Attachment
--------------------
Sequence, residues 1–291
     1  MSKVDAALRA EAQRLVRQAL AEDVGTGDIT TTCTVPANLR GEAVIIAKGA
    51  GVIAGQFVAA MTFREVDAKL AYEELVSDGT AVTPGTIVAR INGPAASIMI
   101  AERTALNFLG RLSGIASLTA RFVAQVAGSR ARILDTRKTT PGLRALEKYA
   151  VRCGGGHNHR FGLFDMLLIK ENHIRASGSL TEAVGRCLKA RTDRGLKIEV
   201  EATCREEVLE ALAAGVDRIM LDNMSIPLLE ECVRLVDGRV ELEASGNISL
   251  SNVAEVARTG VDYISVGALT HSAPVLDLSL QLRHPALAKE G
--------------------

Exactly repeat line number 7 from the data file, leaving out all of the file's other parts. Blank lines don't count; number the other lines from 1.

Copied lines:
   251  SNVAEVARTG VDYISVGALT HSAPVLDLSL QLRHPALAKE G